Carey Gleason, PhD., Assoc. Prof. at the UW School of Medicine and Public Health and the Wisconsin Alzheimer’s Disease Research Center, and Fabu Carter, WARDC Outreach Specialist, describe the importance of African Americans learning more about how Alzheimer’s disease affects them.
African-Americans are the number one ethnic group to be afflicted with Alzheimer’s. Dr. Solomon Carter Fuller was the first African-American psychiatrist and before his death in 1953, he was a pioneer in Alzheimer’s research.
One in three seniors will die with Alzheimer’s or another form of dementia. Every minute, another American develops the disease. People living with someone who suffers from memory loss know just how debilitating its effects can be: making it hard to socialize and enjoy life.
Locals diagnosed with Alzheimer’s or other forms of dementia and their caretakers have a new community resource. A memory cafe will be hosted at the Hatch Public Library Jan. 17 from 1:30 p.m. to 3 p.m.
Ales for Alzheimers is known to some as the largest happy hour in Madison and supports the Alzheimer’s and Dementia Alliance of Wisconsin. It will be a night of laugher, conversation, drinks, food and raising money for a great cause.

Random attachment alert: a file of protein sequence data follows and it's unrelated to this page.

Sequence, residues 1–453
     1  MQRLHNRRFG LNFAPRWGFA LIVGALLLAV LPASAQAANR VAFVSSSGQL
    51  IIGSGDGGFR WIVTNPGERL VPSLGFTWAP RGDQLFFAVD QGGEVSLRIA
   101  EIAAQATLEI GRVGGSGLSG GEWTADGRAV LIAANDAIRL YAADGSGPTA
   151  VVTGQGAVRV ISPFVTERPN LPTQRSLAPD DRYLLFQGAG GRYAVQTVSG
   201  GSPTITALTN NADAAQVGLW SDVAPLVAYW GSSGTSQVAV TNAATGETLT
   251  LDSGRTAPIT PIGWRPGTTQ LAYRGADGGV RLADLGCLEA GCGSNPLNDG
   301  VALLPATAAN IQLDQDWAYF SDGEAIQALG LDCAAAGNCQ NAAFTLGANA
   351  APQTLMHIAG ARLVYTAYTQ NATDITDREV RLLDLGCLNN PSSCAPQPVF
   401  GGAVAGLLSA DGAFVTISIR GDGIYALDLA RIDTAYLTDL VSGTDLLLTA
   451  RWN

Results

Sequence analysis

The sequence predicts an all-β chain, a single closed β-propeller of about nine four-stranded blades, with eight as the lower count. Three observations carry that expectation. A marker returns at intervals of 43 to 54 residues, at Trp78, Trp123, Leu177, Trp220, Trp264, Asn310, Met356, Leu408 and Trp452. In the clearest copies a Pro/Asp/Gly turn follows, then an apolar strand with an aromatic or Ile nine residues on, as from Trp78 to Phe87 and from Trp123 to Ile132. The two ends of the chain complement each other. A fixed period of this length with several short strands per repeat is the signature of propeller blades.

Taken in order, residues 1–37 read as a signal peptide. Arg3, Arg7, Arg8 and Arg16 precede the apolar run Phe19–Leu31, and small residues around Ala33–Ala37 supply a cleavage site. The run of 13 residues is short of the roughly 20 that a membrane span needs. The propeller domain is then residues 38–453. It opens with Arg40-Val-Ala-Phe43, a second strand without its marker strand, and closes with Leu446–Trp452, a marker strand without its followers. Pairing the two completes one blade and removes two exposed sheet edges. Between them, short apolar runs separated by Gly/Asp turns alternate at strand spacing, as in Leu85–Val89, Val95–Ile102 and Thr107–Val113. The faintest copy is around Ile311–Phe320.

Sara Alvarado shares her personal journey as her mother’s Alzheimer’s has advanced and talks about the Ales for Alzheimer’s event hosted by First Weber Realtors, Lynn Holley Real Estate Group, Alvarado Real Estate Group.
Riding the emotional roller coaster of having someone in the family with a memory impairment is stressful, to put it mildly. With the numbers of people facing Alzheimer’s disease and dementia increasing, and the stigma still existing, more support groups and social gatherings like memory cafés are materializing in communities […]